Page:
The Science Of Going Negative

Andrew Sullivan —  Feb 23 2012 @ 2:03pm

John Sides calls the idea that negative ads are effective a "zombie idea" unsupported by research in political science:

[W]e haven’t remotely arrived at a place where "research" suggests that negative ads "work."  I’m not asking that reporters or commentators or foundations say that it "never works."  I don’t think the literature suggests that either.  I’m just asking for some engagement with this research.  I think good reporting demands it.

Phil Arena counters

If we assumed that 1) negative advertising typically turns voters off, 2) yet typically increases the relative share of the vote that will be garnered by the candidate running the negative ads, and 3) candidates have reasons to want to avoid the former effect when they already believe they are likely to win, we would expect to find that negative advertising does not work when we compared the vote shares of candidates who go negative to those who do not…I don't know that, in this particular case, we've got much ground to stand on when we admonish journalists for failing to engage with the relevant poli sci literature.  Because I'm just not sure it tells us much yet.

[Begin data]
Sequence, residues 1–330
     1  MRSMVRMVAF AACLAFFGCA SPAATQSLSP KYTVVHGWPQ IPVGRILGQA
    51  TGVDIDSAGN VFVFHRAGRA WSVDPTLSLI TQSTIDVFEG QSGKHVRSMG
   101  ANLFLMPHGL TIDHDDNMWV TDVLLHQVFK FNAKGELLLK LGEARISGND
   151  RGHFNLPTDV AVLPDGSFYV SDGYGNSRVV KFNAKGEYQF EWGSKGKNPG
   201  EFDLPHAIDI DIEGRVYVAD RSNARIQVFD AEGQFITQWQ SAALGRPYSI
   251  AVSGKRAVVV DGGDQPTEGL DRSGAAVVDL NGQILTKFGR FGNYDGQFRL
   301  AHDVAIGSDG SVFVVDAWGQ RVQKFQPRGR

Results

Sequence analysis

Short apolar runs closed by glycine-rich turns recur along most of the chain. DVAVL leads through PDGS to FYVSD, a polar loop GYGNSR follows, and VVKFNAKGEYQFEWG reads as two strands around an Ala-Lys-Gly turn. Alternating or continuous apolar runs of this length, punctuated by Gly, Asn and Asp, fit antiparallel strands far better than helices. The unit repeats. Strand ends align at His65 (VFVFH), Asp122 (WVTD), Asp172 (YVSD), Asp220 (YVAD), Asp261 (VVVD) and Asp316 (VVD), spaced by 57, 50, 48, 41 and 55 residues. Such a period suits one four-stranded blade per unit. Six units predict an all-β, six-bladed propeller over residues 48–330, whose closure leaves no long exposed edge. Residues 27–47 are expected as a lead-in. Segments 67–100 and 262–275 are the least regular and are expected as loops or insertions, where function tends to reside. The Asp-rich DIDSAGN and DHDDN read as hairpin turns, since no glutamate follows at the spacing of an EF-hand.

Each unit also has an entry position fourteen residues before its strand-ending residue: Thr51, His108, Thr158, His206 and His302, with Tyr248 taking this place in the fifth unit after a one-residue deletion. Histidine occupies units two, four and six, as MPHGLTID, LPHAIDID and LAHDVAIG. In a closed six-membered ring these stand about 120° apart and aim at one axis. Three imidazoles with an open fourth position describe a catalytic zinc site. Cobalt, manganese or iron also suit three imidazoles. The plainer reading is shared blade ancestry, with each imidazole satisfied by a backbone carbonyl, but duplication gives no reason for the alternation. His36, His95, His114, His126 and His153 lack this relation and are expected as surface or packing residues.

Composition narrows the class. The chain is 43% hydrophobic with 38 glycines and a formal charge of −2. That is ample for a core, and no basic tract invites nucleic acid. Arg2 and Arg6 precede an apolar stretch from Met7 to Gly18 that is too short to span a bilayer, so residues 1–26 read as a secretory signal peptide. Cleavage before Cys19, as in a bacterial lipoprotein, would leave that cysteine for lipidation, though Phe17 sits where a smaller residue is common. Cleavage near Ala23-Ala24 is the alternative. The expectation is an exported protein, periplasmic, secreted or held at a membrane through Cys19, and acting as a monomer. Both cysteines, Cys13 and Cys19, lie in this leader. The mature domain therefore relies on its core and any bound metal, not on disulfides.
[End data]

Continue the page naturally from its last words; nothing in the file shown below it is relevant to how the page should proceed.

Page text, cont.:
Sides and Arena both go another round.